I just enjoy the fact that in this world, that is rather controlled by commerce, there is this inner world of people giving up their time and effort to perfect some little detail about a computer game for the delectation of others. I told this to my wife, and I said how good the weather was in the game, you know, itís immersive, you feel like you are there. And she said, "Are there rainbows?" And I said, I donít think so, but Iíll check. And yes, someone has taken the trouble to mod for the Oblivion game, rainbows. So, if youíre standing in exactly the right place, in the game, between the sun and the rain, you will see a rainbow in the sky. Here is a game with dragons, well, no dragons, but with demons and vampires and bandits and there are rainbows. And thereís a gardening mod. You can plant your own garden and grow your own vegetables. Or thereís sailing mods. And some of them are, most of them add to the enjoyment. I believe thereís a few X rated mods.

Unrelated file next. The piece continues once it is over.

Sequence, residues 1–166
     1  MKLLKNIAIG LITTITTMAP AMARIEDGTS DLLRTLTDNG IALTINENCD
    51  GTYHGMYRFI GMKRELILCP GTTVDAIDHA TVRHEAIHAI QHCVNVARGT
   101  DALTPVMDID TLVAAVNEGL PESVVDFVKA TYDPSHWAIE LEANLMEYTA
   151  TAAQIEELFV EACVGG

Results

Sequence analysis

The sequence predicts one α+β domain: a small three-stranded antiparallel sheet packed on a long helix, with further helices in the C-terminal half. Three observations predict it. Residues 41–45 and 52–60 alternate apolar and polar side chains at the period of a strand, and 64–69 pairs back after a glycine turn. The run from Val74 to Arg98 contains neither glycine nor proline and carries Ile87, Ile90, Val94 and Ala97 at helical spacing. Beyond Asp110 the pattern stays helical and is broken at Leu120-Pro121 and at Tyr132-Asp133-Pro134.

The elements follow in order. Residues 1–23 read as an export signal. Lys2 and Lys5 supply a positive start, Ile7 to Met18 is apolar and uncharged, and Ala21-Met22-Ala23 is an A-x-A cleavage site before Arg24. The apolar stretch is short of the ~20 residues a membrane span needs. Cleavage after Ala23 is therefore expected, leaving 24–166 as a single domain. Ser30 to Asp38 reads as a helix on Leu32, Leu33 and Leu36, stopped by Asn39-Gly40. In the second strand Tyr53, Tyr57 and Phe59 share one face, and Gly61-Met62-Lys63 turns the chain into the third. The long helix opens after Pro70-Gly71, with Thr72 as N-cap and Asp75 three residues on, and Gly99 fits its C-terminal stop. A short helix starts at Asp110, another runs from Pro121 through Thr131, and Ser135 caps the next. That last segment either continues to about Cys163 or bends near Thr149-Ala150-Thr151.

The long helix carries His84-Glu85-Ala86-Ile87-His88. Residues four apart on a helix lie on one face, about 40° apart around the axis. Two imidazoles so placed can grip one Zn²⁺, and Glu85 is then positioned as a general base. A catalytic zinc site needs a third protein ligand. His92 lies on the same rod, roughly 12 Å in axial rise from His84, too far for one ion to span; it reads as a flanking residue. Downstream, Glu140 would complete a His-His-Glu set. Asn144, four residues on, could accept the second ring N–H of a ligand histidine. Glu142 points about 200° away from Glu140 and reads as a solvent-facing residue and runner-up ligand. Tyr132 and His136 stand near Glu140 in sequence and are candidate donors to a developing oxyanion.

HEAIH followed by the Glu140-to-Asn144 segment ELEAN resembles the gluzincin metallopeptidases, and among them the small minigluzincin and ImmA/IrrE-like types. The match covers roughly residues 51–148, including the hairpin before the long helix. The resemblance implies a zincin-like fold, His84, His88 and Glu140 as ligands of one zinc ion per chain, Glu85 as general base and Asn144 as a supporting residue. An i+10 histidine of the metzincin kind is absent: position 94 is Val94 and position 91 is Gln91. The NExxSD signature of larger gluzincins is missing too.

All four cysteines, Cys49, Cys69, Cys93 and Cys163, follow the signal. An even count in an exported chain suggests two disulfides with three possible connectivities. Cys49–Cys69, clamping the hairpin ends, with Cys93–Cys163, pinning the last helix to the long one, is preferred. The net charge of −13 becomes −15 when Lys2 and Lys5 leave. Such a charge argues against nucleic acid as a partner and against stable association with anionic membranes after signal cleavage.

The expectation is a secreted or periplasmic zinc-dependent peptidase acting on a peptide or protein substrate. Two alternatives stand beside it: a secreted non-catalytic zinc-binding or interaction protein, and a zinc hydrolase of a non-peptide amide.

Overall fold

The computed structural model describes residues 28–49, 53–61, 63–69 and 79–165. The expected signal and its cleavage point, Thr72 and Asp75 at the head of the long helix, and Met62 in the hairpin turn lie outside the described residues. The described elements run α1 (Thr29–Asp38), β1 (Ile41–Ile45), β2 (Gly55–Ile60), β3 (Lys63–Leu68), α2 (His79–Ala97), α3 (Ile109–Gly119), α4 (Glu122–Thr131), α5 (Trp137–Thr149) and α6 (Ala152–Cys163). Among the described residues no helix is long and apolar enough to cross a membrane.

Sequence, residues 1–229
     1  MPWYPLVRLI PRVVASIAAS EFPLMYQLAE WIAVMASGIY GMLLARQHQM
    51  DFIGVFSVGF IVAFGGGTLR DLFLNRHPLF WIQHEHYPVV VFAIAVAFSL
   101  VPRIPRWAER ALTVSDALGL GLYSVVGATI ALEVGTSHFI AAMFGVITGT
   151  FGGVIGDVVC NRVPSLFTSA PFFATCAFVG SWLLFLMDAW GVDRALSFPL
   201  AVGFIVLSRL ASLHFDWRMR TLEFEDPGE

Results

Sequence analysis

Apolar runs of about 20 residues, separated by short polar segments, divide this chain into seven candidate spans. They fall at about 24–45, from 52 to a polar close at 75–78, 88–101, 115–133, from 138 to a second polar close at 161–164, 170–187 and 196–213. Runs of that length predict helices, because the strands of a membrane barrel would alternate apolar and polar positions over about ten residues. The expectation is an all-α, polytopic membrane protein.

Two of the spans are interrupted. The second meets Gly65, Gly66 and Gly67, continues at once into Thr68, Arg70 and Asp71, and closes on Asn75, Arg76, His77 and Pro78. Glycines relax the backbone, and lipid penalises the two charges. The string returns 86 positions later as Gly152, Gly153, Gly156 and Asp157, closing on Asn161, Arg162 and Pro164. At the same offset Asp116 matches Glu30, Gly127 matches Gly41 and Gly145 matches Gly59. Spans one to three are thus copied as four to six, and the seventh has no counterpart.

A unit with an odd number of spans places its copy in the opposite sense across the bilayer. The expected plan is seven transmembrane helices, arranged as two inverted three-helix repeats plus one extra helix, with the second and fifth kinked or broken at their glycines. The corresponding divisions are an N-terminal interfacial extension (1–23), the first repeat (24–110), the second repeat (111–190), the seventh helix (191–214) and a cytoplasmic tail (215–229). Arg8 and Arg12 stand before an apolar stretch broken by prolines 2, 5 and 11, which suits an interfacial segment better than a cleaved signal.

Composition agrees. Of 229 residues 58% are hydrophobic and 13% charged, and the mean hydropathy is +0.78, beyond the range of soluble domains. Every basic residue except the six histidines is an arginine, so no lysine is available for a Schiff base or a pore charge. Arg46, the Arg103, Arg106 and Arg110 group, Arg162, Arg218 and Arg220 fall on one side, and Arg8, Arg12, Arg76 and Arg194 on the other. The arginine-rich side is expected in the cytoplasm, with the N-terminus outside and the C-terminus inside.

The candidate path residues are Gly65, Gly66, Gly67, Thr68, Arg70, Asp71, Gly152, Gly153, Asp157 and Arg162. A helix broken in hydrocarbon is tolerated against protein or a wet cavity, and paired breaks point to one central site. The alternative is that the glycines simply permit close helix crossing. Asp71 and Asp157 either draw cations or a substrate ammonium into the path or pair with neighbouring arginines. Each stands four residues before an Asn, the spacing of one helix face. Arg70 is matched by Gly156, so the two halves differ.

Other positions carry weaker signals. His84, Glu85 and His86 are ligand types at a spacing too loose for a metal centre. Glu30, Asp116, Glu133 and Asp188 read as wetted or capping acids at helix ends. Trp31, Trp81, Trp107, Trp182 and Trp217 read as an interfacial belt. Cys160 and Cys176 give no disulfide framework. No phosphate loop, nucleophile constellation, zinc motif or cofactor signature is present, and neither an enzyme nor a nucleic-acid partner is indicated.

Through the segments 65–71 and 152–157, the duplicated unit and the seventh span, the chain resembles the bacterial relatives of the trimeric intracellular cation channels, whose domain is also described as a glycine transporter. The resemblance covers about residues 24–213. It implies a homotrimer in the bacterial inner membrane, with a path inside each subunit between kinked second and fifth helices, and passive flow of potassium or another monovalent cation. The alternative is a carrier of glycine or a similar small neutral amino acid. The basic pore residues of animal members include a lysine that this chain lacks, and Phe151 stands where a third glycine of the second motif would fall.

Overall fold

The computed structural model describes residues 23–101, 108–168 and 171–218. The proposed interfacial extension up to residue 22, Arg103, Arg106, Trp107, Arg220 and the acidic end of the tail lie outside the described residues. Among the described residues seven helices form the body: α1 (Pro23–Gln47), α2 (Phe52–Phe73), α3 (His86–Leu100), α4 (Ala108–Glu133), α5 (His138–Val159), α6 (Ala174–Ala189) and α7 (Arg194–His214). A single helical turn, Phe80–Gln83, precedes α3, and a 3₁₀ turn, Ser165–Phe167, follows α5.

Matthew Peterson: Oh no. [laugh]

Terry Pratchett: I just donít go there. But thereís whole websites full of it and I think this is a craft in itself and some wonderful stuff is produced and I salute the people that take the time to do this for no other reason that they want to exercise their skills and hand it to a community and I tend to write little notes saying, "That a boy, that was really good, I really enjoyed this," or sometimes you know, "that didnít work on that particular bit," but it takes something which is in a sense kind of passive and makes it sort of more real.

Matthew Peterson: Well, just from listening to that, that makes me want to go look at it, Oblivion? You said?